ALBERT CARROLL was one of Britain’s leading welterweights of the 1950s. He turned pro at 17, earning £5 for his first fight and the approbation of Ted Kid Lewis, who came to his dressing room afterwards. Over the next 10 years Albert fought 56 times, won the Southern Area title and boxed for the British crown.
When I interviewed him a few years back for my book, Fighting Men of London, not only did I unearth a fascinating boxing story but one of the most remarkable life stories I’ve ever heard. It would be impossible to do Albert’s story justice within the confines of this small column, but suffice to say it is one of extreme highs and lows, encompassing success, tragedy, crime and redemption.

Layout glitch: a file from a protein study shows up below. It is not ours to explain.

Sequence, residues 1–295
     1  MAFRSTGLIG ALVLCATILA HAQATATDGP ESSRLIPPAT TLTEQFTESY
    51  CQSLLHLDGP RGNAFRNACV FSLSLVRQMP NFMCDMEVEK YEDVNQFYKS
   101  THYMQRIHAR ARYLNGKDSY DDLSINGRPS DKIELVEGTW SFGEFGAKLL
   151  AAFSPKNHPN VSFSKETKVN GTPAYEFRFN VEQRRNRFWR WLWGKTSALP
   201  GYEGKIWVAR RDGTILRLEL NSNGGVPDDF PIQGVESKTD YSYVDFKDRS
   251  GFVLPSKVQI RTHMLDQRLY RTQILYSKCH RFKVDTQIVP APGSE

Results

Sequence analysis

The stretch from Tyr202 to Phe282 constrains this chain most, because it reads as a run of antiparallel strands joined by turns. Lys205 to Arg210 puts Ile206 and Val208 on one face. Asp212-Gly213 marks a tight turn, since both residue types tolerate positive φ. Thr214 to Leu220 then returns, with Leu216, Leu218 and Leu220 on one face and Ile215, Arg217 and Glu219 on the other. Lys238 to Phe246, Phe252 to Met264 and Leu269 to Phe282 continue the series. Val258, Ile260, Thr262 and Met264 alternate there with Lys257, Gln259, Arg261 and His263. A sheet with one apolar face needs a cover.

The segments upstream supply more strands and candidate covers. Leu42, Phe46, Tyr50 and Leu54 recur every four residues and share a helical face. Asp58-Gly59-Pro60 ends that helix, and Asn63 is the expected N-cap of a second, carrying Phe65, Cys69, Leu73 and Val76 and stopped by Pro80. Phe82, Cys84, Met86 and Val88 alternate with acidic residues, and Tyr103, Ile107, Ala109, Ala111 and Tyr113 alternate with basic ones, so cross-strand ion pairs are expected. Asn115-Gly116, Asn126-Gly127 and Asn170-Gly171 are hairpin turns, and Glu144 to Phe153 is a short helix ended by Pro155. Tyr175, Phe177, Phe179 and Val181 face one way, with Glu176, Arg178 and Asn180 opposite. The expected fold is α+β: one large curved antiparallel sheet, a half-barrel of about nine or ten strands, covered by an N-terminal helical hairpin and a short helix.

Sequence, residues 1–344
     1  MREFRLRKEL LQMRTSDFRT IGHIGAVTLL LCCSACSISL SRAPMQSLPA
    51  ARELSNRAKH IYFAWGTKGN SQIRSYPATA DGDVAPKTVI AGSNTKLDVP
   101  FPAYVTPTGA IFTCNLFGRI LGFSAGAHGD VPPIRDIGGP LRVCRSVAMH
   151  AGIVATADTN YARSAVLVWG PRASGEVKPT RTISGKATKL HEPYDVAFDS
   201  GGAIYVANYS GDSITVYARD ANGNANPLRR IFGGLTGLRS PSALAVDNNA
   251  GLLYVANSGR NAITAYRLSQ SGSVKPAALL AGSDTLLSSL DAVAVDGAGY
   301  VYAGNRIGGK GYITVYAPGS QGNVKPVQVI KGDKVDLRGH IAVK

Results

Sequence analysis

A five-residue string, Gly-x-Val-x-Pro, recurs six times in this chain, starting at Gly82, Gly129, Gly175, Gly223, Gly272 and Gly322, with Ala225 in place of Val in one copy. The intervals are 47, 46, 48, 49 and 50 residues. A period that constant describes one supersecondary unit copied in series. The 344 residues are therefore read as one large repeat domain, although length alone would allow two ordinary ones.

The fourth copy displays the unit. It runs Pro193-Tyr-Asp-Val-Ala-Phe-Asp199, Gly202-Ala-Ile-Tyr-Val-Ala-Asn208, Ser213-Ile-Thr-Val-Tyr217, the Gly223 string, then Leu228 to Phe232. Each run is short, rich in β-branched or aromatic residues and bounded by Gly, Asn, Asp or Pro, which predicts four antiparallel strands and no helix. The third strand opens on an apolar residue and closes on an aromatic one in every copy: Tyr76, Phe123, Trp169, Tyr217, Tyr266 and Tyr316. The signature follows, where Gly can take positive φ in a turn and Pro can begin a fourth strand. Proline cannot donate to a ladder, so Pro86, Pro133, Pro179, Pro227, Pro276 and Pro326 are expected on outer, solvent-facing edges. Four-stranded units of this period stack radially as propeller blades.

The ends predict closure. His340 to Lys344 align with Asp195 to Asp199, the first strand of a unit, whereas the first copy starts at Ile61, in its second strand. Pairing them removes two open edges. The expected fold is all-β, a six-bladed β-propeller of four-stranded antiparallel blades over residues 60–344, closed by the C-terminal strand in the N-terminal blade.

Sixty years ago this week Carroll entered the biggest fight of his career. Since turning pro, the Bethnal Green boxer had beaten many of the country’s top welters – Wally Swift, Tony Mancini, Sandy Manuel, Jimmy Croll and Boswell St Louis to name a few – and in June 1959 he outscored Terry Gill for the Southern Area crown. Albert received £400 for that fight (just £225 after expenses), but it earned him a shot at the British title, held by Liverpool’s Tommy Molloy.